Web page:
Qadhafi's relatively quick collapse is a political blessing for President Obama. He allowed himself to be backed into a commitment to support Qadhafi's ouster by the Europeans (one day the Libyan intervention will be a case study on incrementalism.) Given that scenario the intervention has gone about as well as could be expected - so far. How events in Libya will develop, what kind of regime will emerge, and whether a humanitarian crisis will result are all open questions.I wrote this quickly (and before I had coffee) but realistically what were the President's options. A President McCain might have voice more active support, but American resources are limited. A bit more bombing would not have made up for the initial military failings of the rebels. A more isolationist President might have tried to avoid involvement, but placing the US on the side of a particularly vicious Arab dictator would have opened the President to enormous criticism. Failure to support NATO allies (particularly considering their contributions in Afghanistan, Iraq and elsewhere - not as much as we'd like perhaps - but substantial all the same) would also have been untenable.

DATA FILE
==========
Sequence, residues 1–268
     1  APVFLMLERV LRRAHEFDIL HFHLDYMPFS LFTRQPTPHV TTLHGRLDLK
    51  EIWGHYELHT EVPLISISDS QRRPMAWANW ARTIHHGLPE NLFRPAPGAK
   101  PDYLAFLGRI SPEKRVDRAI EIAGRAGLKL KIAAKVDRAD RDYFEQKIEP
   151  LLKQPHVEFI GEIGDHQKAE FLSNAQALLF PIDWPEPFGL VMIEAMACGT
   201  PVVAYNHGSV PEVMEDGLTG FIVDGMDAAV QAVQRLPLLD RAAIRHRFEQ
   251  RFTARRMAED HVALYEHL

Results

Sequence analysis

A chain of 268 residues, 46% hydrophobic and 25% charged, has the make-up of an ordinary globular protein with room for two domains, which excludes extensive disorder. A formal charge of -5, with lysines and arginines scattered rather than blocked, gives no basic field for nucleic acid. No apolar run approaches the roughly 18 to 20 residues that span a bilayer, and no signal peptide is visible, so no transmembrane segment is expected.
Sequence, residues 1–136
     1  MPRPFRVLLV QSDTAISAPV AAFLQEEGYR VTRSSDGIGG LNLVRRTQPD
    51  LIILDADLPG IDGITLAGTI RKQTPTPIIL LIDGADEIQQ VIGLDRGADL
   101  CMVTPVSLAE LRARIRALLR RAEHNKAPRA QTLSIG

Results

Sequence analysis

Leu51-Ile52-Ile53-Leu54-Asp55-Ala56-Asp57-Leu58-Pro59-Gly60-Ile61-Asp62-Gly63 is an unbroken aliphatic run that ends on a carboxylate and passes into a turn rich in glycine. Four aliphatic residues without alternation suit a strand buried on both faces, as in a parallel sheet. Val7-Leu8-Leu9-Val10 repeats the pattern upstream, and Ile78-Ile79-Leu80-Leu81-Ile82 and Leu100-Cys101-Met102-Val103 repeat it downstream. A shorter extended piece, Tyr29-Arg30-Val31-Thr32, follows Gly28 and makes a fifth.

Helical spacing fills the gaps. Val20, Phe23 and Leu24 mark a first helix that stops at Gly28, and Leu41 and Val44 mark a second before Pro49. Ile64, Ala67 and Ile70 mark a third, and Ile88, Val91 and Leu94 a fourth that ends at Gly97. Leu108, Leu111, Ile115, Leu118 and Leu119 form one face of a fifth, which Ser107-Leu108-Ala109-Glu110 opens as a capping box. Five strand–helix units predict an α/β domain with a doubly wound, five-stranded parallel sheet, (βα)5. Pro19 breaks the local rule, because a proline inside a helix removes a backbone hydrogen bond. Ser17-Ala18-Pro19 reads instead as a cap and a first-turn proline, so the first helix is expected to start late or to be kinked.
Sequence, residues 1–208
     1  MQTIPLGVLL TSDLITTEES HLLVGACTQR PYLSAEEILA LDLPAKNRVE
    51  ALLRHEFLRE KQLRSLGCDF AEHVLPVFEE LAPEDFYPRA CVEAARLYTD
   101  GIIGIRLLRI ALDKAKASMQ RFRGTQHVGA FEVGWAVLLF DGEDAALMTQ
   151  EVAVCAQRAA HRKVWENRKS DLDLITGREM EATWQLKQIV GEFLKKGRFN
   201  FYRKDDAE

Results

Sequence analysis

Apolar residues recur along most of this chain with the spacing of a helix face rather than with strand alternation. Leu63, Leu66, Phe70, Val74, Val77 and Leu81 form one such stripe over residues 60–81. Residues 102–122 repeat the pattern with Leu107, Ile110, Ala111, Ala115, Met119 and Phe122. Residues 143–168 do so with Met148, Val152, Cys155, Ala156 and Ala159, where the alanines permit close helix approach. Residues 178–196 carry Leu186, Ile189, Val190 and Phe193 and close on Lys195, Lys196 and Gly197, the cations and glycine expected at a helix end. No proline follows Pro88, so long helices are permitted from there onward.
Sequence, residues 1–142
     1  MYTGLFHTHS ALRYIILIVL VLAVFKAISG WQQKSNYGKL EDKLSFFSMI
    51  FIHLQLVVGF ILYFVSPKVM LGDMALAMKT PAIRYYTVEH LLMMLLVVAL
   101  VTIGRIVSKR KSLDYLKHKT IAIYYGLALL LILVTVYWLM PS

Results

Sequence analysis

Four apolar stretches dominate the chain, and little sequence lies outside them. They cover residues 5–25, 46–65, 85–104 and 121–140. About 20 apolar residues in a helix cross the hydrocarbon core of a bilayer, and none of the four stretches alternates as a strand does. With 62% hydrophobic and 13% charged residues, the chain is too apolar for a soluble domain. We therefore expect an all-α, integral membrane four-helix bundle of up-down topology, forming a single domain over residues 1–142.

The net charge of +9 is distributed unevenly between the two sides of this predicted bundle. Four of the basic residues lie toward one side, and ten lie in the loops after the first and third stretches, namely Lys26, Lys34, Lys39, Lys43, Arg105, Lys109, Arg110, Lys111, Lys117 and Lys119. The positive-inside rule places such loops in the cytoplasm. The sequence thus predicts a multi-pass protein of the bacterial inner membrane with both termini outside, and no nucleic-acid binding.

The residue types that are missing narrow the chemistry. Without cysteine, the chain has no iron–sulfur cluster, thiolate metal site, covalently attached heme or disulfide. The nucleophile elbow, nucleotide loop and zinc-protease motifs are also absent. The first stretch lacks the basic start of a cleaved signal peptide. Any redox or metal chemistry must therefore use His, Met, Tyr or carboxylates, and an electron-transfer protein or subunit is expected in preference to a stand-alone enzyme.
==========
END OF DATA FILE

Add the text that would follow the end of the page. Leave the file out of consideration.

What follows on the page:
Barring disaster on these fronts, Obama will be able to portray this is a foreign policy success. But looking deeper, this affair is a disturbing reminder of how - as little as we would like to believe it - presidents are driven by events.
Finally, events on the ground matter. That the people of Libya were willing to rise up against Qadhafi is the historic achievement. Same in Egypt and Syria, without that aiding the overthrow of dictators by means short of invasion is a Sisyphean endeavor. Two quotes from British Prime Minister Harold MacMillan come to mind:
No Middle East leader is so bad that his successor can't be worse.
When asked about the greatest challenge facing statemen he replied:
Events, my dear boy, events.